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      • This is in response to your second comment, PP. You are very kind. I don’t think of my role as a therapist was particularly heroic, though it was enormously interesting to me. I guess there were a couple of times that I was threatened in session with weapons, but I was never afraid of this. Somehow I didn’t believe I’d be harmed. I tend to put risk and challenge in different categories. Thus, I’m not a person who has lived “on the edge,” but have taken on challenges to stand up to and for certain things, to overcome the personal limits I believed important to master, to be the person I wanted to be. I risked some failure and some humiliation, I suppose. Over time, I have come less and less to care what people think of me. The exceptions would mostly be my immediate family. If others applaud or disapprove, it matters much less, if at all.

        I’d also say that “crazy” might depend on where and when you were born. By the standard of teenager in the 1950s, the things the teens of the ’60s (my generation) did would seem crazy. Today, they’d just be business-as-usual. As to the risks I have taken, the ones I’m most proud of were risks of standing up in public for certain ideas where there was push-back, in effect, being willing to do “battle” in professional contexts (say, being an expert witness in court which I did a few dozen times or telling the General Manager of a professional sports team (who had hired me to help in player-selection) that I thought his decision to employ a particular player wasn’t going to work — things like that. And, in case you are wondering about the latter example, I was right about the player, but I didn’t get rehired by the GM either!). I could give quite a few similar examples. Again, thanks for being concerned for me.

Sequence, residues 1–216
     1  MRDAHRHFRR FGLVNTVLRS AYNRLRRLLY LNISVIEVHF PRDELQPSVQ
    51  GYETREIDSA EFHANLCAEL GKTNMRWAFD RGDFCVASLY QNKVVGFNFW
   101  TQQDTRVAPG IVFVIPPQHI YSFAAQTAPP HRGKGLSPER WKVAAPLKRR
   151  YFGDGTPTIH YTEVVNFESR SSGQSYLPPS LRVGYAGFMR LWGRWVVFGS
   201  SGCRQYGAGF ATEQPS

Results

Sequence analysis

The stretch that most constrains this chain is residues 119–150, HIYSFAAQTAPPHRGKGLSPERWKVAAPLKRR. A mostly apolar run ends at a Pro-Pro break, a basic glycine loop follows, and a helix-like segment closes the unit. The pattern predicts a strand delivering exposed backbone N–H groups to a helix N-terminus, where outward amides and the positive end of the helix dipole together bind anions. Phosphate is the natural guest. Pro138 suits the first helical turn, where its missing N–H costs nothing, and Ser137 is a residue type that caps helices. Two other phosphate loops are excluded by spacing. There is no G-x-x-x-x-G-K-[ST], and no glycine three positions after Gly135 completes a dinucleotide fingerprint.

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      • Dr. S, I just noticed your reply on my app. You’re very welcome, and thank you for replying. You have amazing stories to share, which is encouraging to me. You have definitely had your share of battles in the field! I like your stance on not caring what people think. I am working on trying to do that myself, but it is hard because I do care what certain people think – but those are typically bosses and other people in positions of power. I admire the strength and openness in your replies and posts.

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  2. Ah yes, the temporary enjoyment of sin. Pleasurable until the consequences hit. The thing with consequences is that they don’t discriminate, they don’t say ‘ oh you poor thing, you didn’t realise,I’ll take pity and bypass you’ or you are to young, sick, old, had a traumatic childhood, no one told you, etc. one scripture that can’t be bypassed because it’s a life lesson. Galatians 6:7 Do not be misled: God is not one to be mocked. For whatever a man is sowing, this he will also reap. Sooner or later the consequences will catch up with you. Or a quote from Dr Phil,if you choose the behaviour you choose the consequences.
    Even within the boundaries there is still scope for a lot of good clean fun in life, it doesn’t have to be dull.

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  3. Dr. Stein, with all respect, if this is your near-craziness story….. I think you oughtta get out there and do a few crazy things, before it’s too late! 😀

    Liked by 4 people

    • In light of your comment, Mary Ann, I’ve decided to go sky-diving today. Of course, I’ve given my next-of-kin your name, just in case things don’t work out as planned. 😉 You might want to read the unexpurgated version of my blog, which is available in book form for $39.95. Mick Jagger called it “astonishing” and Keith Richards wrote “It makes me sound like a choir boy.” It comes in a plain brown wrapper so not even your neighbors and postman will know!